Group investigates Air Force sexual assault policies
By Staff Sgt. C. Todd Lopez, Air Force Print News
/ Published February 21, 2003
U.S. AIR FORCE ACADEMY, Colo. -- Several members of a working group created by the secretary of the Air Force to review the service's sexual assault policies began gathering information here Feb. 19.
Dr. James G. Roche recently directed the Air Force's general counsel to lead the group looking at how the service deals with sexual assault at the officer training programs, with particular emphasis on the Air Force Academy. The group will report their findings and recommendations to the secretary and Air Force Chief of Staff Gen. John P. Jumper.
"The intent of the working group is to provide the secretary of the Air Force the information he needs to put in place whatever new policies and programs are necessary that will support both human dignity and basic justice," said Air Force spokesperson Valerie L. Burkes at the Pentagon.
While the academy has had a program in place to address such issues since 1993, recent cadet complaints suggested a review is now appropriate, Burkes said.
According to the school's commandant of cadets, when dealing with sexual assault, the academy's programs begin with prevention.
"Prevention is truly the heart of our program," Brig. Gen. S. Taco Gilbert III said. "Although victim support is an essential part and has received a lot of attention as of late, we focus a lot of our attention on prevention, and that starts on day one at the academy."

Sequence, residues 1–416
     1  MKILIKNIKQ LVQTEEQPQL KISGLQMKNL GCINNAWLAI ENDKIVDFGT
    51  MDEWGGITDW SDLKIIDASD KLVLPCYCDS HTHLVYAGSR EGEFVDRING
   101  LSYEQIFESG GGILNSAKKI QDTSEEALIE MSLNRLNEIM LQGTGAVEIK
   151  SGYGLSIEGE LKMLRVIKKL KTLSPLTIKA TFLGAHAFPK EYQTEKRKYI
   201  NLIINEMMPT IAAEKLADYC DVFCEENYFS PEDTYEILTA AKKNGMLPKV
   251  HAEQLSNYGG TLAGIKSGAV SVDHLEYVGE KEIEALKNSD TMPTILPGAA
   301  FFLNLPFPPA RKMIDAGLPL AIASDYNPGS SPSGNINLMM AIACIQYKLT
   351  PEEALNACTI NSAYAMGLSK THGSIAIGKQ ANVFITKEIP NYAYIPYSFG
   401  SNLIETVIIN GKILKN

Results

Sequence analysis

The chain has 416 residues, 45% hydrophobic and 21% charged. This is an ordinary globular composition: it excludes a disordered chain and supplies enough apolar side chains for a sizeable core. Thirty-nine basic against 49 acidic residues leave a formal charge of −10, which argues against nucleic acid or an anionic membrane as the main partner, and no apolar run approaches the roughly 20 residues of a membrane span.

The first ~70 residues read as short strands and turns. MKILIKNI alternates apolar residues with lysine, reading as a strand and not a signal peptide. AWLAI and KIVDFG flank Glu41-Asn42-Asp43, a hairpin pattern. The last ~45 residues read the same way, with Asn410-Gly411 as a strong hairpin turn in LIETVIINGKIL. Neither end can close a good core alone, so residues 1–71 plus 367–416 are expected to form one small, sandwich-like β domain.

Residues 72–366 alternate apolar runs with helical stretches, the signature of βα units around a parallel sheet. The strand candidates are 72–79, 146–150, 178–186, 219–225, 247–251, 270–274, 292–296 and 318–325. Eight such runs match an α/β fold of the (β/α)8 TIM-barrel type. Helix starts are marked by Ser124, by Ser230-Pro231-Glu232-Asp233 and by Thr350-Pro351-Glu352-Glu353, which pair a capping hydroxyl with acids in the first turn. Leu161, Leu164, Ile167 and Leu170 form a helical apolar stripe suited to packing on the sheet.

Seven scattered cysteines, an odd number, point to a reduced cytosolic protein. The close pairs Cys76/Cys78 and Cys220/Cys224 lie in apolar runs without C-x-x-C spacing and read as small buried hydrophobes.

Students are given a booklet on their first day titled "Wing Tips," essentially their first schoolbook while at the institution. Last summer, information was added to the book so that the first page discusses sexual harassment and discrimination, Gilbert said. On the second page is a cadets' "bill of rights" which delves further into inappropriate requests and unwanted sexual advances.
First-year human relations and sexual assault education programs at the academy range from general information about sexual assault and awareness, to a class titled "Street Smarts," where cadets learn how not to be a victim.
If those precautions fail to prevent a sexual assault from taking place, the academy presents a wide variety of avenues for reporting the alleged crime, the general said.
"There are a variety of means where a cadet can report harassment, sexual assault or rape," Gilbert said. "It depends on the individual cadet and their preferences as to which avenue they want to take.
"If they desire to go talk to a chaplain, we have chaplains available. If they desire to talk to a medical professional, they can go to the medical group and we have medical professionals available. If they desire to talk to a professional counselor, we have those available," he said.
Beyond the emotional and physical support programs, Gilbert said the academy is committed to providing justice for cadets who fall victim to sexual crimes.
"A victim can go through their chain of command, or to the security forces, or the Air Force Office of Special Investigations to report those problems," Gilbert said. "In those cases where women want to prosecute, I will always investigate. When there is evidence, I will always take the harshest possible action I can as a commander because this is an important issue to me."
Burkes echoed the general's words, saying the Air Force has zero tolerance for sexual assault.
"We encourage victims to report incidents so they can get the support and care they need and, consistent with justice, offenders can be dealt with appropriately," she said.